Suffolk bellwether

Published 10:38 pm Wednesday, November 4, 2009

During national elections, political pundits look to states like Missouri, Indiana and Iowa as good indicators of how an election might play out, which candidate will win. Based on nine out of the last 10 general elections in Virginia, the same could be said for Suffolk.

Tuesday night’s results, which showed Republican gubernatorial candidate Bob McDonnell easily carrying the majority of votes in Suffolk, kept a surprising trend going that showed Suffolk may very well be the bellwether electorate in the Commonwealth.

“Suffolk is a fairly diverse community and a community that is growing every day,” Suffolk Republican Committee Chairman Steve Trent. “I would guess you can call Virginia a swing state — and Suffolk with it. For a long time it was Republican red and we are working to get it back there.”

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During the last 10 general elections, dating back to the 1996 presidential election, Suffolk has voted for the eventual national or state winner nine times. The lone exception came in 2000, when Suffolk voters favored the Gore/Lieberman ticket over the eventual winners, George W. Bush and Dick Cheney.

In that election, 50.51 percent of the voters chose the Gore/Lieberman ticket, while just under 48 percent of the voters selected Bush/Cheney. The Bush ticket went on to win the commonwealth and the national race.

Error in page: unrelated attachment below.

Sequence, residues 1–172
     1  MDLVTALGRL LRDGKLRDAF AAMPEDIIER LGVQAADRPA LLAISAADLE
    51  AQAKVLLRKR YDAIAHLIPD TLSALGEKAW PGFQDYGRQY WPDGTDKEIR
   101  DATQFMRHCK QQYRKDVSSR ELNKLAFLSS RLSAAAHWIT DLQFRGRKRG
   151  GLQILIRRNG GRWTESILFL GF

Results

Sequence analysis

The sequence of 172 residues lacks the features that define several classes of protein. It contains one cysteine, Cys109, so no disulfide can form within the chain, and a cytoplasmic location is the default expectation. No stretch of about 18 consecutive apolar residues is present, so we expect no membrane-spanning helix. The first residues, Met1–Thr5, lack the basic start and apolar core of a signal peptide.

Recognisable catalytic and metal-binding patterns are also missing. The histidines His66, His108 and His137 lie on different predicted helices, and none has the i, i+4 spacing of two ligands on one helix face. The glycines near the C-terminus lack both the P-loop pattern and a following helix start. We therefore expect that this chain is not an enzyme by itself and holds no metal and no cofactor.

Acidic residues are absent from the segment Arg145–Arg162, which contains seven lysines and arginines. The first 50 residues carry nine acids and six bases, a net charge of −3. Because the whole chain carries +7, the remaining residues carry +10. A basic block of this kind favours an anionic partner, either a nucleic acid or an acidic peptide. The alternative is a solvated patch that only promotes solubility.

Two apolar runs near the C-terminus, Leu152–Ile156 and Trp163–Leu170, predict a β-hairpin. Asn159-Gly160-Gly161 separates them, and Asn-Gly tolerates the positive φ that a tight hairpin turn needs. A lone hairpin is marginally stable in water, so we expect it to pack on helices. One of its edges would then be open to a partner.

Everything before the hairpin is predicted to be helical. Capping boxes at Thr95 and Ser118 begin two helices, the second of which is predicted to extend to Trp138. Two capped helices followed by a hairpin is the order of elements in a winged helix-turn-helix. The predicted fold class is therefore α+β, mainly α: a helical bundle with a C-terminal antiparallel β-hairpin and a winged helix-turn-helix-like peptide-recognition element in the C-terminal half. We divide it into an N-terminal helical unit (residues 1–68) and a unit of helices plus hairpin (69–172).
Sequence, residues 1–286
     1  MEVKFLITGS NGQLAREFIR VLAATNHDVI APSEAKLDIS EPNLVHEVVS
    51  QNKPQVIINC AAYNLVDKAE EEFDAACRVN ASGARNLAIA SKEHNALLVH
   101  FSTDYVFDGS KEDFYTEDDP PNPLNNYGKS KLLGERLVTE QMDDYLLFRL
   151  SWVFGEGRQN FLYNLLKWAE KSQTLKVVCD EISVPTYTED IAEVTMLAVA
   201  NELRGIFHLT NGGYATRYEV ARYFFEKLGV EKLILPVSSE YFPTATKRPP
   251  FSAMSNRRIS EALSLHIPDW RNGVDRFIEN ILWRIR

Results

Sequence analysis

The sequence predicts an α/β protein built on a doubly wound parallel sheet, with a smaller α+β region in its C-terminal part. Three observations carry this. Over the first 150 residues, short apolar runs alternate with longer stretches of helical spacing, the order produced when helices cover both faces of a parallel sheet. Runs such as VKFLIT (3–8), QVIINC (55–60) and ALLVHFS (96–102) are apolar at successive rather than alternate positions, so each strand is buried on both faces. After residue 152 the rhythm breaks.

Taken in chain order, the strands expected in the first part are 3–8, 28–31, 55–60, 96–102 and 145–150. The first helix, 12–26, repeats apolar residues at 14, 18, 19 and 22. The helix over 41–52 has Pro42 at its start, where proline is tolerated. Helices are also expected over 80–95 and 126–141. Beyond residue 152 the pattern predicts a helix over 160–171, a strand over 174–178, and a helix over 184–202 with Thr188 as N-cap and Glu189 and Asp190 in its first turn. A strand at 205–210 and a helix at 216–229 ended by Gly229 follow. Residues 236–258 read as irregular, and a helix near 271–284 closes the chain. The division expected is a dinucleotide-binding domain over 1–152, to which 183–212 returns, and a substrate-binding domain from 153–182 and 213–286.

Throughout those elections, the city has backed Democratic and Republican nearly equally.

But Tuesday’s win by McDonnell was the most overwhelming of any winning candidate. McDonnell won 57.75 percent of Suffolk’s votes, while Democratic candidate Creigh Deeds claimed just 42.2 percent.

“We had a core group of folks who really worked hard to make sure we helped Bob win Suffolk and win overall,” Trent said. “We put a real focus on the Hampton Roads area, and it paid off with a great night Tuesday.”

Trent credited Tuesday’s win to the candidate’s message and policies, but he added that the ground game locally and across Virginia was important.

“For some reason in 2008 we did not get our base out to the polls, and we lost,” Trent said. “We made it a real emphasis this year to make sure the same thing did not happen.”